Jeff Johnson Tours South Korea, Hyundai-Kia Facilities

November 25, 2015
Published by
Jeff Johnson at Hyundai Steel plant.

Jeff Johnson at the Hyundai Steel plant in South Korea.

Jeff Johnson is not only the Managing Partner at JKR Advertising & Marketing, he also recently became the co-owner at Kia of North Grand Rapids. Along with many of his dealer counterparts, he was invited to tour the Hyundai-Kia facilities in South Korea … and he came back with an increased respect and perspective of the brands and the people.

 

It all started early on a Monday morning at the Orlando airport. “It didn’t take long to realize this wasn’t going to be a typical trip,” Johnson said. “We left Orlando about 9:30 in the morning on that Monday, and we didn’t arrive in Seoul until 6:30 the next evening. As you can imagine, we were exhausted. But as soon as we stepped off the plane, there was a paparazzi-like person snapping photos of our every move.” Eventually, Johnson and his new friends-to-be were bused to their hotel, where they were introduced to a tour guide who would follow them everywhere they went over the next two-plus days.

 

The following morning, things quickly got interesting as they were shuttled to the Namyang Design Center. “This large building is the workplace for 11,000 on-site engineers for both Kia and Hyundai,” Johnson recalled. “Upon our arrival we were shown a short film about Kia, then ushered into a room and told to hand over our cell phones. I found that to be a bit odd … until I found out what was happening next. Once we complied, we were allowed to view some of the Kia models coming in the near future, as well as some concept cars they are working on. After that, we were taken out to a track where we got to test-drive some of the models. As I looked around, I noticed that many of the cars still had the camouflage wrapping on them. Naturally, you can understand the secrecy involved here, but rest assured everything I saw was very, very impressive.”

 

After a memorable lunch at the luxurious Rolling Hills Hotel, it was back to the bus. Next stop, the Hyundai steel plant. “This place was massive,” Johnson said. “It is one of the largest in the world. They have an unbelievable, fully enclosed conveyor belt system that allows them to move raw materials across the facility. It’s the oldest steel company in Korea, and it produces a lot more than just sheet metal for cars.”

 

Day 2 Welcome Dinner

Jeff Johnson with Thomas Oh, Executive Vice Chairman of Kia Global Operations.

They arrived back at their hotel at about 5:45 and were promptly informed that a formal dinner hosted by Thomas Oh, Executive Vice Chairman of Kia Global Operations, would begin at 6:30 – and it was of utmost importance that they arrive on time for the event. “It is the custom for the host to greet every guest, so if someone was late, the host would not be allowed to go inside until the tardy person finally arrived. No one was late, and we enjoyed an incredible five-course meal, complete with a toast from Executive Vice Chairman Oh.” That, folks, was just the first day.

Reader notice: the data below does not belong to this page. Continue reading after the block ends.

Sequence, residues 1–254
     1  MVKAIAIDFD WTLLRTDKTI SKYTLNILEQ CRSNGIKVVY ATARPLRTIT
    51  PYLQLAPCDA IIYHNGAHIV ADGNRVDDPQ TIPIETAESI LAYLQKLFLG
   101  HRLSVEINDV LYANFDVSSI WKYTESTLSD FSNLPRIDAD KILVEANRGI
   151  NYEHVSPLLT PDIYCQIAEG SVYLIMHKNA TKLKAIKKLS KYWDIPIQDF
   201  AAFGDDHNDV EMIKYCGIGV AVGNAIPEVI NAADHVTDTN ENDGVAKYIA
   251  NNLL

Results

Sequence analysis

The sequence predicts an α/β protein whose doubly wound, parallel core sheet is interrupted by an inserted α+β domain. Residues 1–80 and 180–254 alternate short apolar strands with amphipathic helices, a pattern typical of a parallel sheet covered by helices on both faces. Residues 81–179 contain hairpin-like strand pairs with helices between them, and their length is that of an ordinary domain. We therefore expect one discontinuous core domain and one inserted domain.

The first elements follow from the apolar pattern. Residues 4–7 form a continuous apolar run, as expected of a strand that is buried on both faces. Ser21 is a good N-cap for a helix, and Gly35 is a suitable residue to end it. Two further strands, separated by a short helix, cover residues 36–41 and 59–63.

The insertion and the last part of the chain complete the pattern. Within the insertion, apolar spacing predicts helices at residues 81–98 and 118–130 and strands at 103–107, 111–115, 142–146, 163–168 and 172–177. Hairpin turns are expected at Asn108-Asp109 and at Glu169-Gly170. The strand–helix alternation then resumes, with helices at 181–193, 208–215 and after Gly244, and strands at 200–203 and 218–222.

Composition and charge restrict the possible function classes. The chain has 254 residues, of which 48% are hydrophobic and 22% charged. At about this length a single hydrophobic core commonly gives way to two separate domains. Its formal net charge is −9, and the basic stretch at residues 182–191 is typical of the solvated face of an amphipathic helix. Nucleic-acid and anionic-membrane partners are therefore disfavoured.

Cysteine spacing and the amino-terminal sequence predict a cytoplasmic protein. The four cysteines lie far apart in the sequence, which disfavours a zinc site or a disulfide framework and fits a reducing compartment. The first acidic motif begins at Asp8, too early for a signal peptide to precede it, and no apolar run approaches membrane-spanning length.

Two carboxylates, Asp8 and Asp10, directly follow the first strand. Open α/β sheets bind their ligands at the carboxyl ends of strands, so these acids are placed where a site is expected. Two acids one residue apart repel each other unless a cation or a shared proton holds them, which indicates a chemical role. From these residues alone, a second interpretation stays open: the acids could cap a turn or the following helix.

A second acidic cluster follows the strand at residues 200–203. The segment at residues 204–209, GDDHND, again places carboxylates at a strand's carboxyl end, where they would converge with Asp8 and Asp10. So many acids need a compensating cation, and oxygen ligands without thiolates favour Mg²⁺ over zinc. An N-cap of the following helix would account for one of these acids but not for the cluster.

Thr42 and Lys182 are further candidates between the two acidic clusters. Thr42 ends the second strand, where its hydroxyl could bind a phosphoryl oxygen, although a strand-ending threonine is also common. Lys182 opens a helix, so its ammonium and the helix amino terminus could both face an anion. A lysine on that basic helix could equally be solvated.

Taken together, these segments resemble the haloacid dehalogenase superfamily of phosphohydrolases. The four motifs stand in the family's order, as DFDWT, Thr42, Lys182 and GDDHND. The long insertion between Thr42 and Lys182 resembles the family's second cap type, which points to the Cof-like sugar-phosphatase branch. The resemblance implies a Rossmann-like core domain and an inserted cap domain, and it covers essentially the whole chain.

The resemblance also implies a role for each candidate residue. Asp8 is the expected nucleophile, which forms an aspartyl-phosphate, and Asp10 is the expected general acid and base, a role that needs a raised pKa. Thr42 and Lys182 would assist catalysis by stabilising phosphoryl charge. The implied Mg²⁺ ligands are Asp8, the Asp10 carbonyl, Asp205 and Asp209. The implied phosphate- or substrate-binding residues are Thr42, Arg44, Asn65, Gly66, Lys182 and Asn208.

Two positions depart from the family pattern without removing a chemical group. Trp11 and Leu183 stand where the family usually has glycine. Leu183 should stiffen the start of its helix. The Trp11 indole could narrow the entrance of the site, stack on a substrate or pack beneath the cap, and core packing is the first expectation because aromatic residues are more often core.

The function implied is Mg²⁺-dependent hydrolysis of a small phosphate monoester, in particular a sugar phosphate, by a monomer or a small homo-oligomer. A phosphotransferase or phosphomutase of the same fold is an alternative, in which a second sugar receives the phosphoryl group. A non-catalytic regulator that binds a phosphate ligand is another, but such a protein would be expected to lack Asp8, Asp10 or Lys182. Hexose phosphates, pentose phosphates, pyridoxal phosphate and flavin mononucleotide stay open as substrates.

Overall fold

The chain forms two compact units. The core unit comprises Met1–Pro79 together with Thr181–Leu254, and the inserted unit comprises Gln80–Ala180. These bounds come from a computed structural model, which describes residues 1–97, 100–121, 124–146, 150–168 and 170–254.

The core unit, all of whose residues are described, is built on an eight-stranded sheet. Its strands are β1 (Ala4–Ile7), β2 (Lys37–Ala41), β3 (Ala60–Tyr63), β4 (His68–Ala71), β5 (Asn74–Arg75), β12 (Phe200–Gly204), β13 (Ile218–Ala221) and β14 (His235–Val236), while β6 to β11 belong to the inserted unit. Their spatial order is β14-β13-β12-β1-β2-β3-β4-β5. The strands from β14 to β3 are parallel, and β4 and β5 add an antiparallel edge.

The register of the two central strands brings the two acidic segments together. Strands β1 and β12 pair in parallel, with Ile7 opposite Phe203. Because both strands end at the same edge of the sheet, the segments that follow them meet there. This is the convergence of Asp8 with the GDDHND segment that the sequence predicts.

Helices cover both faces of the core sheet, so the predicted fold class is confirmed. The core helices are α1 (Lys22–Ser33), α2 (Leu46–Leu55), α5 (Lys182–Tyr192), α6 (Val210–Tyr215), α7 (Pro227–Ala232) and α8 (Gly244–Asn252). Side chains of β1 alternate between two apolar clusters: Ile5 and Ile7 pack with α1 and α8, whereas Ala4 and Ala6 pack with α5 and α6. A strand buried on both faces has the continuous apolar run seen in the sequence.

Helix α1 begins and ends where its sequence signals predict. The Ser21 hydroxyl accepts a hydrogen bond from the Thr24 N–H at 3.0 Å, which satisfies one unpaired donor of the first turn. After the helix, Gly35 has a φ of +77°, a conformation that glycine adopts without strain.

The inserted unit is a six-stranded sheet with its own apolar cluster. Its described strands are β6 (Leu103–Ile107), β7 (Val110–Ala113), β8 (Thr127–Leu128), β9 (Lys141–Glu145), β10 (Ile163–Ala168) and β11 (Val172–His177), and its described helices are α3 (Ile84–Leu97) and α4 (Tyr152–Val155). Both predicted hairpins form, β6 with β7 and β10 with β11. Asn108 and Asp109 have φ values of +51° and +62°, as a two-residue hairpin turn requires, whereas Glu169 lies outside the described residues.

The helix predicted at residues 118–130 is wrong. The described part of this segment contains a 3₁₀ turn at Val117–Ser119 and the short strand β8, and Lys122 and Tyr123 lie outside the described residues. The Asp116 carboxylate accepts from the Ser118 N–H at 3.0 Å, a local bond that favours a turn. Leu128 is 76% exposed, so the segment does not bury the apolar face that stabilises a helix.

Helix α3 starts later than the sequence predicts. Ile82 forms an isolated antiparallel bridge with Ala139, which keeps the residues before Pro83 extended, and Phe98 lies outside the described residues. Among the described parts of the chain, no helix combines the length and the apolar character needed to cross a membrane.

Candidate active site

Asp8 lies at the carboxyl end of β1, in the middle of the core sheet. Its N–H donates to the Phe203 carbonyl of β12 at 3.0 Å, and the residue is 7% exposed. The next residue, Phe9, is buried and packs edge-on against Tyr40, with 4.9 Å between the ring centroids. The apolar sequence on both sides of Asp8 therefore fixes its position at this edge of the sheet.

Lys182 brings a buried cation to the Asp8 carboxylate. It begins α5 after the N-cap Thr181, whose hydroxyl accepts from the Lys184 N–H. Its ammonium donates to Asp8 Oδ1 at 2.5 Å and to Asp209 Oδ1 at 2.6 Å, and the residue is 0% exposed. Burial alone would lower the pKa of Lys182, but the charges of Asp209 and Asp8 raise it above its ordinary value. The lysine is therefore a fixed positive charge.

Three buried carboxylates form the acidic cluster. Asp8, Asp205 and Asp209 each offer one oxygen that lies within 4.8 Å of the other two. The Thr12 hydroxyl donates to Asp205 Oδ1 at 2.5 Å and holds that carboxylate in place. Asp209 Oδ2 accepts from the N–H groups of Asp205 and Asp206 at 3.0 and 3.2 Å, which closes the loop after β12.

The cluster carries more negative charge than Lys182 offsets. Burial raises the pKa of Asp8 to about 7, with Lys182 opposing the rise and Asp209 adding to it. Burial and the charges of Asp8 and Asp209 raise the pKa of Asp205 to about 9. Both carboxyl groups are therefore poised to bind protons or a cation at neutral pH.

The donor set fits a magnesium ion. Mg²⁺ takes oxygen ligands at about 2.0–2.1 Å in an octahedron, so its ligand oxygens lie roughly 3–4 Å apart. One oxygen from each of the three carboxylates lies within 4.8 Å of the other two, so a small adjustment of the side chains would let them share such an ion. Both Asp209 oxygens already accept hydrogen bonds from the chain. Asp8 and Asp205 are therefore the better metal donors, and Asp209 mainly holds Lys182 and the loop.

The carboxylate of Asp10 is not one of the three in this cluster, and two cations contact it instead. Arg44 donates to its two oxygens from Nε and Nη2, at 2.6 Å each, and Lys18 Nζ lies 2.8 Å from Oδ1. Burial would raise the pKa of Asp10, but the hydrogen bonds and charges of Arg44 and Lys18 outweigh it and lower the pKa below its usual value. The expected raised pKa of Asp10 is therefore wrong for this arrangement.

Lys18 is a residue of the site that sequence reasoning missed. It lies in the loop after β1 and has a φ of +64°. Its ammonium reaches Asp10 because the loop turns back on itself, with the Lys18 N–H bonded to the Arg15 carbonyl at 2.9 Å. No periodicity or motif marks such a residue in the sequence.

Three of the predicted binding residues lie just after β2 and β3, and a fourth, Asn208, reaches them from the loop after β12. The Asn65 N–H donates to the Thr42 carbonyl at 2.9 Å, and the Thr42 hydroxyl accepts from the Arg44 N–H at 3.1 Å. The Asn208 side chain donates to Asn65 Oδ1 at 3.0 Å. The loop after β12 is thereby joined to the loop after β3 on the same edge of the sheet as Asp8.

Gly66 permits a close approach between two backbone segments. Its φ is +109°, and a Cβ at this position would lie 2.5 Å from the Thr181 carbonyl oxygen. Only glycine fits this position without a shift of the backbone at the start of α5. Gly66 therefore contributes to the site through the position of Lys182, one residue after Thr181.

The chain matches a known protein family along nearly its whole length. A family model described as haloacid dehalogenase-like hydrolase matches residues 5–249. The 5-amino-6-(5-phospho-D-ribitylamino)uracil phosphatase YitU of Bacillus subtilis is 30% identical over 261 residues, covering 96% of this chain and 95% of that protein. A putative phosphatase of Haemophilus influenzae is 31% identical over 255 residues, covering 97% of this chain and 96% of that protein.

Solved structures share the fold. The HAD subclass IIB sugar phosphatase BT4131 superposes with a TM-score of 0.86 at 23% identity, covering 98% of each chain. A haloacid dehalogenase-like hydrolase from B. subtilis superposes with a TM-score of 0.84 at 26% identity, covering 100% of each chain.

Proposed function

The next morning’s activities were kicked off with a visit to Kia Motors Corporation, Kia’s corporate offices. “Kia and Hyundai each have their own specific tower, and they share a very elaborate, ornate lobby area that features a number of both Kia and Hyundai models,” Johnson said. “We were given the history of Kia’s steady rise to global dominance. Did you know that it’s the 74th-most valuable brand in the world today?”

 

The rest of the day was spent checking out some of South Korea’s cultural spots, including the opulent Gyeongbokgung Palace. “Even though the building has not been completely restored to its past splendor, enough of it has been refurbished to make it a worthwhile piece of history to see,” Johnson commented. “We also did some street shopping at a place that was much like a giant bazaar in the United States.”

 

That evening’s dinner was particularly interesting for Johnson, as he was seated next to officials from Kia Motors Canada. “I discovered their market share is pretty similar to ours in the United States, and their businesses are much like ours in the states.”

 

The next morning saw Jeff board a plane in Seoul at 9:30 – and because of the time change actually arrive in Atlanta at 9:00! “It was a fun but exhausting two days,” he said.

 

Jeff Johnson the tourist was happy to once again be Jeff Johnson the husband, dad and business owner – back in his home country. Possessing 700-plus photos taken by his hosts, he has a detailed record of a trip he’ll never forget.

 

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